Traditional dances from the North to the South will highlight the similarities and the differences among various communities, whether in their musical traditions, costumes and folk ways. Some of the dances to be featured include Sambi sa Malong or Kappa Malong Malong, a Maranao dance that shows the many ways of wearing a malong. Malong is a simple tubular yet highly functional piece of cloth. Another one is the Kalinga Courtship Dance from the Luzon Cordilleras.

Join us for a delightful show.


Tickets are good for all three Saturday events.
General: $30 or a dollar a year to represent thirty years of service to the Filipino American community
Sponsor: $100 & $50
Students/Seniors: $10
A limited number of $10.00 tickets are available for the May 17 Opening Event.

To order tickets, please send your check payable to Philippine Expressions Bookshop and mail to PO Box 4201, Palos Verdes Peninsula, CA 90274. You can also pay via PayPal to : <linda_nietes@sbcglobal.net> or call 310-514-9139 should you wish to pay by credit card. Only paid reservations will be honored. The number seventy-seven (77) is the magic number for Linda this year. There will be a special prize for the number 77th guest for the next three Saturdays. Send your reservations early.

All programs will start promptly at 5:00pm. Street parking. Refreshments Table will open by 6:00pm. A mini-bazaar of Filipiniana books, art, handwoven fabrics and other curiosities will be available on all three Saturdays. If you wish to be part of the bazaar, please call Linda Nietes at 310-514-9139 or send email to: linda@philippineexpressionsbookshop.com

First Books for Filipino Children, a literacy project of Linda Nietes and Robert J. Little gives free books to the poor children of the Province of Antique, Philippines. As the name suggests, these books are literally the first and probably the last books that these children will be able to own in their lifetime unless the economic conditions of their parents improve. So, your support of these three weekend events will allow them to continue their literacy project.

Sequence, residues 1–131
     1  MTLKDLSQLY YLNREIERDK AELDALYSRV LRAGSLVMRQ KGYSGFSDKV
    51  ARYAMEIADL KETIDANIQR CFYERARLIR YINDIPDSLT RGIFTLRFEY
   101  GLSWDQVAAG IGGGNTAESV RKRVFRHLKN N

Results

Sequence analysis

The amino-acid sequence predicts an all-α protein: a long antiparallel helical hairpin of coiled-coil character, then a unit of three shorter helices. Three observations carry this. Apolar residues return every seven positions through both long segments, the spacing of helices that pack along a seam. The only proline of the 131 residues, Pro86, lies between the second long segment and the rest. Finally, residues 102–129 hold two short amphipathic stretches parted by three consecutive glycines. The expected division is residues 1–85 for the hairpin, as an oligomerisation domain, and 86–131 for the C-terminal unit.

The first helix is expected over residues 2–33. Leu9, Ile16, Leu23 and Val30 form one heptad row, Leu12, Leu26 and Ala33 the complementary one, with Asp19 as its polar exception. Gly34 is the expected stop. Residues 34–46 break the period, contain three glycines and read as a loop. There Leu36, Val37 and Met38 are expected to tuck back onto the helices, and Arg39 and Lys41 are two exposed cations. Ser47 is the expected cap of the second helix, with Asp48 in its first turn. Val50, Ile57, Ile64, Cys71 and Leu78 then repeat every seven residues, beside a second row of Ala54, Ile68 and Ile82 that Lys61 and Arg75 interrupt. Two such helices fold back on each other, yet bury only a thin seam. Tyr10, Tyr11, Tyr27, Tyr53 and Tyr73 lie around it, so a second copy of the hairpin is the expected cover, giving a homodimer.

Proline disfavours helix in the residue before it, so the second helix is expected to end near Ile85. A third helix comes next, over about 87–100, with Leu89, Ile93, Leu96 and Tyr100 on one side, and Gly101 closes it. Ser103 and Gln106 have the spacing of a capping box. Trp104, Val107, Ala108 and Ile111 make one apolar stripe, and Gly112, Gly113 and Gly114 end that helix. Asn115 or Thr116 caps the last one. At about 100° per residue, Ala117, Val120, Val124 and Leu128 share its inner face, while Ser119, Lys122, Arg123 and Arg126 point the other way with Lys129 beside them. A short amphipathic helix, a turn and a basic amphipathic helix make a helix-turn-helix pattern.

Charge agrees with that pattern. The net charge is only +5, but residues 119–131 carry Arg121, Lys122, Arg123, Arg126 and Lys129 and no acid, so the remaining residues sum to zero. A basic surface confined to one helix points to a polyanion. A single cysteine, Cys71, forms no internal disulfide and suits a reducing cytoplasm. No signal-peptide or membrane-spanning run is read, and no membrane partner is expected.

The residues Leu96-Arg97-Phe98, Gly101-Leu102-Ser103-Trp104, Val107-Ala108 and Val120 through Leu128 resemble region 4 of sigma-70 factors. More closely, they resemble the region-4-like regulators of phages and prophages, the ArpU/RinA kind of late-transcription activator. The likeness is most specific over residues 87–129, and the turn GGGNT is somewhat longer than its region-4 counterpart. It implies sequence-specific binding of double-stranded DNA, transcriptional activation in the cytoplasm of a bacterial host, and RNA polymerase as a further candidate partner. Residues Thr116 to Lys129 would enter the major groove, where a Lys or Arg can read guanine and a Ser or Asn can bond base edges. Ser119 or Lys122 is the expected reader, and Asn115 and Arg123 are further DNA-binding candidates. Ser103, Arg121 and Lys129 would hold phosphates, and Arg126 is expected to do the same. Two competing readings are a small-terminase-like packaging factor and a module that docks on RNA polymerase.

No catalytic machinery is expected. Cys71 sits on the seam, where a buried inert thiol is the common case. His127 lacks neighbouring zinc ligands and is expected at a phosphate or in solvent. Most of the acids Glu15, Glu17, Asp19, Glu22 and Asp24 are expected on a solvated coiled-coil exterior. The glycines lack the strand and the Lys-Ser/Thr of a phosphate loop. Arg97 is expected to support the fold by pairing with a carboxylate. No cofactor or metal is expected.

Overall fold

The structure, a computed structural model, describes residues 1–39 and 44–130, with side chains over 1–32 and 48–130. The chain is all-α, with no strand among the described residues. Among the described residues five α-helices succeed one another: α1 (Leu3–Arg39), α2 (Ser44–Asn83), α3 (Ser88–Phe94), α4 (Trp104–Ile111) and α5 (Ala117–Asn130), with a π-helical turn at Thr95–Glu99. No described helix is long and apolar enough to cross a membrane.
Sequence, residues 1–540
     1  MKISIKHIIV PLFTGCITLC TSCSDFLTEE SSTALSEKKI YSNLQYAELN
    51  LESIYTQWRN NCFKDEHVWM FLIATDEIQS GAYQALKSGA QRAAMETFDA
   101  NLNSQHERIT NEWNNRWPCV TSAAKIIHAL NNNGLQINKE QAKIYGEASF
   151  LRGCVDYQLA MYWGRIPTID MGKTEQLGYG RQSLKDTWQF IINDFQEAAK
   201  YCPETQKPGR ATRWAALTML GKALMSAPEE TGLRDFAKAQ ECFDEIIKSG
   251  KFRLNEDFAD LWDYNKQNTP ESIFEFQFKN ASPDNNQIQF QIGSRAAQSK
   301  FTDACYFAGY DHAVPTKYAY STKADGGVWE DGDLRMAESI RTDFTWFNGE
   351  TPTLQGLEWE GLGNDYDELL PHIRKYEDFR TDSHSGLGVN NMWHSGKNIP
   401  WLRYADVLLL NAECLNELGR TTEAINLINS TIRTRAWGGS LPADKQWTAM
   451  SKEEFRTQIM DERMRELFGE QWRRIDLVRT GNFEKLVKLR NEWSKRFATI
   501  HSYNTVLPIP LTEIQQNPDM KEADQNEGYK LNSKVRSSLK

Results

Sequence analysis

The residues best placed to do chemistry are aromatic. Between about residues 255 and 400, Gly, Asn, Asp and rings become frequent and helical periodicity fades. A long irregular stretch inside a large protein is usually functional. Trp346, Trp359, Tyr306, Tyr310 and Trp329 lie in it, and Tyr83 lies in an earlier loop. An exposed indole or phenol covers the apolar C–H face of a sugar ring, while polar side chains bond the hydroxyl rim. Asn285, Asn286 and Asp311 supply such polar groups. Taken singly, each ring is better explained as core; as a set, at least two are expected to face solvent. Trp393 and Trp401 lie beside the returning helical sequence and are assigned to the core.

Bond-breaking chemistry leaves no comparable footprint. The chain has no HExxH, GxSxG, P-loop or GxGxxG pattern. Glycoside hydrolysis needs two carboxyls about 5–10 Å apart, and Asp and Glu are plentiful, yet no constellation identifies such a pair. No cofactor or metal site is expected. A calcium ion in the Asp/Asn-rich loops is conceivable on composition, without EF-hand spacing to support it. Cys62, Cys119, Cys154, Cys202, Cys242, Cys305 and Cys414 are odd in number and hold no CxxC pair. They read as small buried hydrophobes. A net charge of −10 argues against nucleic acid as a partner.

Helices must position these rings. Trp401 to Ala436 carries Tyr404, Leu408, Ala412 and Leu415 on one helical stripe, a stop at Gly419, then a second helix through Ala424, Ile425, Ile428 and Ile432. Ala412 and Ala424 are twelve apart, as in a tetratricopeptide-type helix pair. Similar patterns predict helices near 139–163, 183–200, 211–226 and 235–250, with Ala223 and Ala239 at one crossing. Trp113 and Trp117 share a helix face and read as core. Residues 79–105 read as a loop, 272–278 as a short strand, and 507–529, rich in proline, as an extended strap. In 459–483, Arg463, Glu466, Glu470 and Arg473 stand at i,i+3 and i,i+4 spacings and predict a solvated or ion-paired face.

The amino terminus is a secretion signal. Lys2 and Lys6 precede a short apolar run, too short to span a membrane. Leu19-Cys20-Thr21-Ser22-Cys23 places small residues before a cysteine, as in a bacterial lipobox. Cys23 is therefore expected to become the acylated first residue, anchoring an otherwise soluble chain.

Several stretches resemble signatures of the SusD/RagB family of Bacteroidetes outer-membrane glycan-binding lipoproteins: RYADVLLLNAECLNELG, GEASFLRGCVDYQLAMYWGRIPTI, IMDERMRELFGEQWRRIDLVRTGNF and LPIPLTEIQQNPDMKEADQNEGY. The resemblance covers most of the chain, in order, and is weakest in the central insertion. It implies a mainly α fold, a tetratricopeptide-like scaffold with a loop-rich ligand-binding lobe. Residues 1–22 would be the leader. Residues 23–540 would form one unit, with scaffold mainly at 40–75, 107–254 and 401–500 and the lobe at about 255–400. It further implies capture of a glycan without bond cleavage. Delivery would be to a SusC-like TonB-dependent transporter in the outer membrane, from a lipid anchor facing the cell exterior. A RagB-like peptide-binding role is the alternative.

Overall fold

FilAm Book Festival in San Francisco

Booksigning at the Second FILBOOKFEST in San Francisco.

October 19-20, 2013
At the Latino/Hispanic Community Meeting Room
Author Book Signing throughout the day

Venue: San Francisco Main Library
Civic Civic Center, San Francisco, CA

Please support our authors with your presence. Many of them have written award-winning books. Come, meet and greet them and have a book autographed for your private library or for donation to your local library or school. If you will be unable to attend, we accept orders by phone for autographed copies. Tel 310-514-9139.



11:00am – 12:00noon

The Saints of Streets: Poems. 2013.
Juan Luna’s Revolver: Poems. 2009. Winner, 2009 Ernest Sandeen Prize.
Trill & Mordent: Poems. 2005.
Not Home, But Here: Writings from the Filipino Diaspora. Editor. 2003
Blood Sacrifice: Poems. 1998 National Book Award for Poetry, Philippines.
Encanto: Poems. 1994 National Book Award for Poetry, Philippines.
Cartography: Poems. 1993 National Book Award for Poetry, Philippines.

Discover the Philippines Cookbook. 2012 reprint.
Descubre La Cocina Haute de Las Filipinas. 2012 reprint.
Beyond San Andreas: A Novel. 2010

Pinay Power: Peminist Critical Theory. 2005. For reprint 2014.

12:00noon – 1:00pm

Back from the Crocodile’s Belly: Philippine Babaylan Studies and the Struggle for Indigenous Memory. Co-editor. 2013
Babaylan: Filipinos and the Call of the Indigenous. Editor. Reprint. 2013
A Book of Her Own: words and Images to Honor the Babaylan. 2005
Coming Full Circle: The Process of Decolonization Among Post-1965 Filipino Americans. 2005

Leaves from the Silverlake Barrio. 2013. FPAC Pahayag’s 2013 Most Voted Writer. PEN Center USA’s Three Pinoy Writers.
ALLOS, The Story of Carlos Bulosan,
a one-act play commissioned by East West Players. 2010.
Produced by EW Player, 2011; Mezclao, 2012; CIRCA Pintig, 2012.


Richie Quirino_photo 1
Pinoy Jazz Traditions. 2004.
Mabuhay Jazz: Jazz in Postwar Philippines. 2008
Contemporary Jazz in the Philippines, 1970 to the Year 2010. 2011.

1:00pm – 2:00pm

Angel de la Luna and the Fifth Glorious Mystery. 2013
Her Wild American Self: Short Stories. 1996
One Tribe. 2006. Winner, AAP Award for the Novel.
Screaming Monkeys: Critiques of Asian American Images, Editor. 2003.

How My Sons Lost Their Tagalog. 2013
Pareng Barack: Filipinos in Obama’s America. 2008